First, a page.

The volunteers on the Greek islands who welcome refugees, who save them – when they actually manage to save them – are mostly everyday civilians of these islands. All of them find themselves in the dreadful position of experiencing a situation which becomes even more tragic, non-manageable, intolerable, bordering on the impossible, with every passing day. They are using social media, thus transmitting practical information regarding the donations we can send them. They are expressing their rage against the inertness of Europe. They are uploading photos as well as narrating stories of their everyday lives with refugees. Stories of temporary meetings, exchanges, conversations, games with children. Stories told to them by refugees and other stories that they are trying to guess beyond what they see and hear. These stories are close to the limits of fiction that attempts to encircle the real they are facing. The subjects they write on are children and love stories. Children are playing, laughing, crying, painting, exorcizing nightmares through their paintings, remembering friends and toys they left behind. With just a game, a touch, they laugh again.
The volunteers are transferring this smile to us, and it supports them in their difficult daily effort to repel the cruel images of the drowned children whose bodies they have seen washed ashore by the sea. They are trying to believe in that which is possible – a child who was saved, who plays and laughs again – trying to repel the sense of helplessness that overwhelms them, faced with the limits of the possible.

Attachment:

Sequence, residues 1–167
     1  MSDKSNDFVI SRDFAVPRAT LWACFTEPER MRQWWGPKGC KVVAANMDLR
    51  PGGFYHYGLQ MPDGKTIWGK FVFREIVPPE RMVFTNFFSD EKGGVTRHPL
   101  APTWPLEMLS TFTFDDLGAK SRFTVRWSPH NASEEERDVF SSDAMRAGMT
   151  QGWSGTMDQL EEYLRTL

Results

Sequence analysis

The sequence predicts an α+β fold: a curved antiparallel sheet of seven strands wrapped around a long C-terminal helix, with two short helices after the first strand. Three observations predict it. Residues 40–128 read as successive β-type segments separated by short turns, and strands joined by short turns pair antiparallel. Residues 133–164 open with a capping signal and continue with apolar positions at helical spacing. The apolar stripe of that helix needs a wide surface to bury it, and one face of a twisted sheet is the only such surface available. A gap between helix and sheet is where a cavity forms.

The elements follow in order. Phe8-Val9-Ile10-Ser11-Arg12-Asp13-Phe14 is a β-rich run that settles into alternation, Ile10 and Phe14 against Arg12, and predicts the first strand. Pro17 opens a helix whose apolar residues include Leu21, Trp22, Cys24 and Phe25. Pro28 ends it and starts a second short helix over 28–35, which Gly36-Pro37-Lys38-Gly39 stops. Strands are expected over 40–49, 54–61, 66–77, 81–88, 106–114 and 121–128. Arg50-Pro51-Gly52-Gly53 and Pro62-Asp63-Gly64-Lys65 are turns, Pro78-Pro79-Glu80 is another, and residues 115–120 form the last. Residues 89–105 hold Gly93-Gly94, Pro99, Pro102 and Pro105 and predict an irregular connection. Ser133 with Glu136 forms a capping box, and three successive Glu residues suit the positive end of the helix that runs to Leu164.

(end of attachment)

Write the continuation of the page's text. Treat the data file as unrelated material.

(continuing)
And on the other hand, there are stories of couples. – The couple in the photo, which inside the mass of unknown refugees, separates and sheds light on the photo, managing to find a small, substantial private space to be kissed in.
– The man who has just landed safely on the coast and is taking care of his pregnant wife; he speaks sweet words in her ear in order to calm her down and he has forgotten that he is still carrying a heavy backpack weighing over fifty kilos on his shoulder.
– The woman at the port of the island who spends some of her precious savings to give her husband a fishing rod. They are going to stay for days, waiting to be registered by the port authorities in order receive the longed-for documents allowing them to depart for Europe. In Syria, in happier times, his hobby was fishing. She is trying to make him forget, to console him. During the bombings, they lost their child.
– The love letter which was found on the coast and which testifies to the fact that something “doesn’t stop being written”, (Sem XX p. 144 ), that something can write the necessity of a relationship that prevails over the inevitability of death. Volunteers, like those who read their stories, have experienced separations and relationships that ended, couples that did not work out, that did not endure the floating point of suspension from contingency to necessity (Sem XX, p 145). They are trying to support their difficult task in that belief, that somewhere, there exist a kind of love that is able to beat the “exile from the sexual relationship” (Sem XX 145) that is able to beat the traumatic of the exile of refuge.
Translated from greek by Mihalis Manoussakis.
Lacan Jacques, The Seminar XX, Encore, On Feminine Sexuality (1972-73)
p. 144, 145. London: Norton (1998).